Thankfully, the saga didn’t end there: Lucas and company delivered a total of six films, with The Empire Strikes Back, Return Of The Jedi, The Phantom Menace, Attack Of The Clones, and Revenge Of The Sith stretching across almost three decades. The quality of the Prequel Trilogy was the subject of much debate – and probably will remain so long as there are fans who flock to the whole Star Wars universe of films – but one thing was clear: the Force was strong, the visuals were compelling, and even things as boring as tax policy and trade tariffs were no match for a good blaster at your side.
Eventually, George Lucas sold his Lucasfilm empire for an astounding amount of money to the Walt Disney Corporation; and the Mouse House promised to deliver audiences once more to the wide, wide world of spaceships, Jedis, Sith, and lightsabers: a new film trilogy (dubbed ‘Sequel Trilogy’) was forthcoming – one which promised to conclude the Skywalker saga – along with a handful of stand-alone Star Wars adventures. Hollywood wunderkind JJ Abrams was attached, and the rest is history …
For me, it’s absolutely impossible to review Star Wars: Episode IX – The Rise Of Skywalker without discussing the complete saga because there are so many tie-ins, references, and callbacks to events that have transpired previously. Critics have been understandably unkind to the release – Abrams and screenwriter Chris Terrio’s chaotic story covers a lot territory in its two-hour-plus runtime, trying to wrap up everything and anything that’s been hinted at and perhaps even a few items that weren’t. Audiences have been more accepting (if those parameters truly matter these days), embracing some of the modest revisioning with grins, guffaws, and groans. But – dare I suggest – it’s equally impossible to even assume everyone who boarded this great cosmic journey so many moons ago would be pleased with where it all winds up.
NOTE: In the interests of fairness, I'm pleased to disclose that there will be spoilers solely for the sake of discussion on plot and/or characters. Take note: you have been warned!!!
Luke Skywalker was a character designed to essentially appeal to anyone. In the original Star Wars, Luke was the young kid trapped in a dead-end town on a dead-end planet. When his Uncle Owen and Aunt Beru weren’t looking, he’d slip off to Toschi Station to hang out with his young friends, or he’d target womp rats from the cockpit of his T-16 Skyhopper. Like so many of us, Luke kept his eyes to the horizon, his mind constantly filled with dreams of enlisting in the Academy and perhaps one day joining the Rebellion to fight the Empire. Though his future was never quite so bright, he imagined a life of adventure amongst the stars, and – galaxy be damned – he wanted something more. Building a saga around such a character was a no-brainer.
Though she hails from a similar desert existence with little prospect for the future, Rey (no last name given for what turns out to be a very, very significant narrative reason) offers very little by way of a ‘ray’ of hope for the future. She spends her days scavenging the remnants of a once-powerful Empire, hunting and pecking for a means to simply get by. Seemingly, she never truly wonders about who she is much less where she has ended up, apparently having been abandoned for no reason by parents whose elusive identities never quite seems to matter. Essentially, she’s an empty vessel, one that can be filled with practically anything a storyteller or audience member desires, and her backstory still makes sense.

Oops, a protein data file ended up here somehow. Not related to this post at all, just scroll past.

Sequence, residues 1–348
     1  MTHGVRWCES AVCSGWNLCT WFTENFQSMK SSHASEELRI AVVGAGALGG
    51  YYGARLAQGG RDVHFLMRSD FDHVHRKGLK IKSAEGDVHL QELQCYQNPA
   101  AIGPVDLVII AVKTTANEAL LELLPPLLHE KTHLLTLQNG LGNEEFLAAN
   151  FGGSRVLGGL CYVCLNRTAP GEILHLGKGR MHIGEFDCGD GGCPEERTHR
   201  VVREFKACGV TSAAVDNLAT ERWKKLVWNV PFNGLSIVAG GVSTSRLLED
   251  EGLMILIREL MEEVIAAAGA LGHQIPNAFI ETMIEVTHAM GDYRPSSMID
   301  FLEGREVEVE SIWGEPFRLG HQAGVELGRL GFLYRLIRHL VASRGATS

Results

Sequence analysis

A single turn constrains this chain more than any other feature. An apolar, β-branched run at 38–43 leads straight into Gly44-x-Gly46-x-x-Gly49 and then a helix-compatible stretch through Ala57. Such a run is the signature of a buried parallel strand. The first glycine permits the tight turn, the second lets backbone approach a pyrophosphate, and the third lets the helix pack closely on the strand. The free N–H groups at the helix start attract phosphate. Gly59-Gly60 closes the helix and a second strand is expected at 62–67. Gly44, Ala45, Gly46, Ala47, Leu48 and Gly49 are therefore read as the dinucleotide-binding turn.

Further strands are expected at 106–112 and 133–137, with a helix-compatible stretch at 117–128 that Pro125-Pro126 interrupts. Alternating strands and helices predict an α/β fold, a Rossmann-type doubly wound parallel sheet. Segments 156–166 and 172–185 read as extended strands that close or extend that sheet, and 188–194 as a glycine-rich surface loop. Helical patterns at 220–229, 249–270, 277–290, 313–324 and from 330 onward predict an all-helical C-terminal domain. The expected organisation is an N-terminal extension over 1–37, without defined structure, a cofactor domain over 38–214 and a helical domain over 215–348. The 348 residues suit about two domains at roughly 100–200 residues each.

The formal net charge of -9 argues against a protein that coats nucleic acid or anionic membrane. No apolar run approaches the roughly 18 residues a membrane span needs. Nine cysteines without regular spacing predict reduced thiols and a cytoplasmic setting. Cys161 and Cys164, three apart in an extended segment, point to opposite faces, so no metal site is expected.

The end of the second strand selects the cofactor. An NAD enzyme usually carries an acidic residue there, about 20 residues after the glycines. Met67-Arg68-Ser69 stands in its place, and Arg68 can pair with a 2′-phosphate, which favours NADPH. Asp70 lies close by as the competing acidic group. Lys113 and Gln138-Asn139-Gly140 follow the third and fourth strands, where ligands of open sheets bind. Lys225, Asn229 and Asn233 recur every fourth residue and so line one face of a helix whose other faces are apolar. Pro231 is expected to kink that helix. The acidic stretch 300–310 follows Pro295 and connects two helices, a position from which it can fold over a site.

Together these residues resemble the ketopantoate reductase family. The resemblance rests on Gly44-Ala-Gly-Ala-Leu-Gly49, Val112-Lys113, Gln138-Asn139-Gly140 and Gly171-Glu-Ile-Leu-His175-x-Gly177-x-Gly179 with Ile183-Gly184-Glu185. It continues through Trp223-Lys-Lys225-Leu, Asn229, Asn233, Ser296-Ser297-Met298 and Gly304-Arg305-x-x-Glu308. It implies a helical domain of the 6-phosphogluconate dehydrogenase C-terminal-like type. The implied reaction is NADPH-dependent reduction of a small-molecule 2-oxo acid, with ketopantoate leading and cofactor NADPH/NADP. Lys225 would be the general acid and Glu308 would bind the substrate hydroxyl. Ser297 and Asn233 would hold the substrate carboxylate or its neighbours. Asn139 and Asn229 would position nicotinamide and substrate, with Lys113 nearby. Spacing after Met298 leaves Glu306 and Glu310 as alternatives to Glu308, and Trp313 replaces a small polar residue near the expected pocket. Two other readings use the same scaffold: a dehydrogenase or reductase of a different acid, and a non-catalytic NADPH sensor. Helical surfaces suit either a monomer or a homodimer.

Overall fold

When Luke finds himself suddenly thrust into the world of adventure he so desperately craved, even he balks at it. Ben Kenobi asks the young moisture farmer to learn the ways of the Force so that he can accompany him to Alderaan, but the lad refuses; it’s only after Imperial stormtroopers destroyed his homestead that he relents. In Mos Eisley, he’s literally thrown onto his backside in the cantina, left to allow a man perhaps three times his age to dispatch a couple of greasy regulars. When he tries to match barbs with the smuggler Han Solo, Luke once again is put in his place by the aged Jedi Knight. Finally aboard the Death Star in a rescue attempt gone horribly wrong, he’s nearly drowned and then crushed in one of the space station’s trash compacters until helped by others. Nothing but nothing goes right for him … and he’s still the hero on the hero’s quest who’s encouraged to fire his torpedo with the Force and ultimately save the day (for the time being) in the climax.
For the record, the defining Skywalker continues to earn his stripes throughout the Original Trilogy. He suffers shortcomings again and again in The Empire Strikes Back, whether it be falling prey to the dreaded Wampa on the ice planet Hoth or suffering the verbal lashing repeatedly dished out by Jedi Master Yoda throughout his training on Dagobah. Luke fails – he fails to understand his place in the universe largely because it’s the responsibility to the hero to P-R-O-V-E himself; and any life coach worth his or her salt will remind you that failure is a necessary component of learning. He even fails to accept the truth offered to him by Darth Vader – that he is, in fact, Luke’s father – until the facts are confirmed by the ghostly Kenobi much later. In fact, it isn’t until Return Of The Jedi that the young Skywalker seems to have come into his own, mastered his skills, and accepts his failures as the opportunities they are to the greatness yet in store for him.
By contrast, Rey seemingly needs no one.
She comes from nowhere but is emotionally, spiritually, and physically equipped for anything. She’s a professional scavenger, largely through experience of her own. She’s a pilot, though the audience is never treated to any logical explanation of how, where, or why she amassed such galactic skills. She’s even a budding Jedi Knight without granted so much as a day’s training, one who bests the galaxy’s current baddie, Kylo Ren, in her debut film’s big finish. And she bests him again she does in The Last Jedi. Should anyone expect a different outcome in The Rise Of Skywalker? Only if they haven’t been paying attention.